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The Lincoln Lawyer

A movie directed by Brad Furman

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He Redefines the Power of Attorney

  • Mar 19, 2011
Star Rating:

The Lincoln Lawyer, based on the novel by Michael Connelly, weaves a gripping web of mystery and suspense, although what really impressed me was the title character, quite possibly the most interesting and unorthodox criminal defense attorney in cinema history. His name is Mickey Haller (Matthew McConaughey), and he does business from the backseat of his Lincoln sedan. This was initially done out of necessity – some months prior he had his license suspended because of a DUI – but is now done for the sheer luxury of it. He has a chauffeur named Earl (Laurence Mason), who was once his client and is now trying to work off his legal fees. He drives Haller up and down the streets of Los Angeles, mostly because he’s more likely to find clients there than in a law office; most of them are lowlifes who know that no other lawyer can do what he does. And they pay him handsomely for his services. He knows what he’s doing.
A bondsman named Val (John Leguizamo) comes to him with an offer for a high-profile case, which he accepts but isn’t used to. Here enters Louis Roulet (Ryan Phillippe), a wealthy Beverly Hills playboy; he has been accused of the rape and attempted murder of a prostitute (Margarita Levieva), although he adamantly asserts his innocence. As the son of powerful realtor and businesswoman (Francis Fisher), it appears to make sense that someone would stage a crime, frame him for it, and ultimately sue him for everything he’s worth. It makes even more sense considering the young lady’s profession, which she desperately wanted out of. If she were to take him to court and win, the damages would afford her the opportunity to start a new life.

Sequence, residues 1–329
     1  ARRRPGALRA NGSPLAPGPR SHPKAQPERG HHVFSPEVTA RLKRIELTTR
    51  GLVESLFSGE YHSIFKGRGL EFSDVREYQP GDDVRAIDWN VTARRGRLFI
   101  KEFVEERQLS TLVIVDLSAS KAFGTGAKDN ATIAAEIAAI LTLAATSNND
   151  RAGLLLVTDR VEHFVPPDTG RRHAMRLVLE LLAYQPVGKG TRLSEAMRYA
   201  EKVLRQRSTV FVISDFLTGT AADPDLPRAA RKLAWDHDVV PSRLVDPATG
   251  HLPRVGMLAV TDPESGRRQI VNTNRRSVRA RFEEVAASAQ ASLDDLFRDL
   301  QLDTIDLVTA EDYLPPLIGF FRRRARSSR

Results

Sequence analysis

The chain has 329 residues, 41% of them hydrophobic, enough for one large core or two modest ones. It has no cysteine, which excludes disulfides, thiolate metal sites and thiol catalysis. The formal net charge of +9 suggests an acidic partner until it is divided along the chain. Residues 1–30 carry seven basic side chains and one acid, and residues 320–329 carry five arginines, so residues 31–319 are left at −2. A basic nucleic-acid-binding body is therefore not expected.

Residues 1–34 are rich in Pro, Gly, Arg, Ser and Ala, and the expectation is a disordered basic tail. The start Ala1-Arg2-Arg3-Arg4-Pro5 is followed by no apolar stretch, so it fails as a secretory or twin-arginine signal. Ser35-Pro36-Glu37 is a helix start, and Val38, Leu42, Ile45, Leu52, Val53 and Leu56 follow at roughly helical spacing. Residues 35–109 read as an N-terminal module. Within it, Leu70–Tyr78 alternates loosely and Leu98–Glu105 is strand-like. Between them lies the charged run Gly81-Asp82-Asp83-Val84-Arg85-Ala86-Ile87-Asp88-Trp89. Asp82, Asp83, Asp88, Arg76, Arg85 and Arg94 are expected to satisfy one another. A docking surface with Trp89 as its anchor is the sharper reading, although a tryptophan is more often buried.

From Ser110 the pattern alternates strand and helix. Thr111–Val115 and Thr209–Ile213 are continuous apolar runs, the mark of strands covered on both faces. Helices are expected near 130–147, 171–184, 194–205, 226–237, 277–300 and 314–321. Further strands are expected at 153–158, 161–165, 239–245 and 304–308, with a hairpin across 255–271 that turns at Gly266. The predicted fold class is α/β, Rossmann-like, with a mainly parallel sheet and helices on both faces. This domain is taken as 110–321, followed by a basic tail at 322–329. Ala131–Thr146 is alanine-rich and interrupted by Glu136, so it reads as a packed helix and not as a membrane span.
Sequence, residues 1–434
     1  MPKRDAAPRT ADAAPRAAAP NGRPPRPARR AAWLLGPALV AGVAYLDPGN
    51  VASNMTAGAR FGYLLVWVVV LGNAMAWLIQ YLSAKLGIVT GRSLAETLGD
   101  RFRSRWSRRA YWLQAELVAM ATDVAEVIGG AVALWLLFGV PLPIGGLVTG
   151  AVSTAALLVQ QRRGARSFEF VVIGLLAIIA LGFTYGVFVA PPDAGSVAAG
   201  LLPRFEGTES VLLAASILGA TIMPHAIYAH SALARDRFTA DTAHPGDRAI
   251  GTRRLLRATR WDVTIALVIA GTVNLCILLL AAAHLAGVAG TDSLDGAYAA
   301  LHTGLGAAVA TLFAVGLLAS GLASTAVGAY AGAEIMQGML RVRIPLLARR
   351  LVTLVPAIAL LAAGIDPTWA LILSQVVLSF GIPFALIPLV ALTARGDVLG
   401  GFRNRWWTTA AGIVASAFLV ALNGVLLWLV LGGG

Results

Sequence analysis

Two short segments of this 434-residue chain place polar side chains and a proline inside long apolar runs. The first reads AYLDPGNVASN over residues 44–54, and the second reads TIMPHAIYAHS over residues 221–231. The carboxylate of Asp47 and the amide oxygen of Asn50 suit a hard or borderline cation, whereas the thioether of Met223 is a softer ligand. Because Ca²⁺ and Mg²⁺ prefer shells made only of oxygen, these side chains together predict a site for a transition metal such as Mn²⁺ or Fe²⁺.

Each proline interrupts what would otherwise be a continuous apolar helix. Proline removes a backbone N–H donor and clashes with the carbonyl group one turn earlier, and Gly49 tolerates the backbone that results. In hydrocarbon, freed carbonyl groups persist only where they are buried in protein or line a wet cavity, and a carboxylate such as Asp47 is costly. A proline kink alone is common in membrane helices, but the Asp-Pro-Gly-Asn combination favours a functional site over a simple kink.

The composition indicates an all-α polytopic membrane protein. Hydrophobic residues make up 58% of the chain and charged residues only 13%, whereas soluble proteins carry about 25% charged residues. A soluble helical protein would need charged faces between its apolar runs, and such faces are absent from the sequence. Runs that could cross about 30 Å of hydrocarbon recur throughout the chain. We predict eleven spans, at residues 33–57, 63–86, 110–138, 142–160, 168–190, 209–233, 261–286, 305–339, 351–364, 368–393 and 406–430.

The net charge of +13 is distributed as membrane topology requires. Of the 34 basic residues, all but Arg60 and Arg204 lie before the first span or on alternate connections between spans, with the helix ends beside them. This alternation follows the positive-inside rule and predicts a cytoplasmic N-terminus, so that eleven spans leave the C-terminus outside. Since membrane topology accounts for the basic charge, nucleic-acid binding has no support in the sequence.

Without lingering over revealing details, let’s just say that Haller notices certain similarities between this case and that of a former client, Jesus (Michael Peña), who’s serving a life sentence for murder in San Quentin with the possibility of parole in fifteen years. He has always professed his innocence – it wasn’t him, but some other guy. Still it was the best Haller could do given the circumstances. Without his help, Jesus would have gotten the death penalty. In trying to make things right, he hits a roadblock in the form of client-attorney confidentiality. It’s going to take a lot of digging, legal maneuvers, and sheer cunning in order to get to the truth. In charge of the first is his private investigator, Frank (William H. Macy), who, like Haller, is an asset to the film strictly on the basis of his unique personality.
I will describe no more of the case, but rest assured that it will ultimately wind up in a courtroom. It’s here we meet Ted Milton, the prosecution (Josh Lucas), and a man named Corliss (Shea Whigham), whose role in the case I leave to you to discover. Although the film offers nothing groundbreaking in the way of legal twists and turns, the courtroom scenes are competently staged and performed, which is to say they’re no less entertaining despite being somewhat routine. I even went along with the obligatory post-trial scenes, which is always when new details are brought to light and characters find themselves in whole different kinds of trouble. My only real criticism would be the second of three appearances by a biker gang; their actions were not only implausible, they also reflected badly on Haller, and I came dangerously close to not liking him anymore.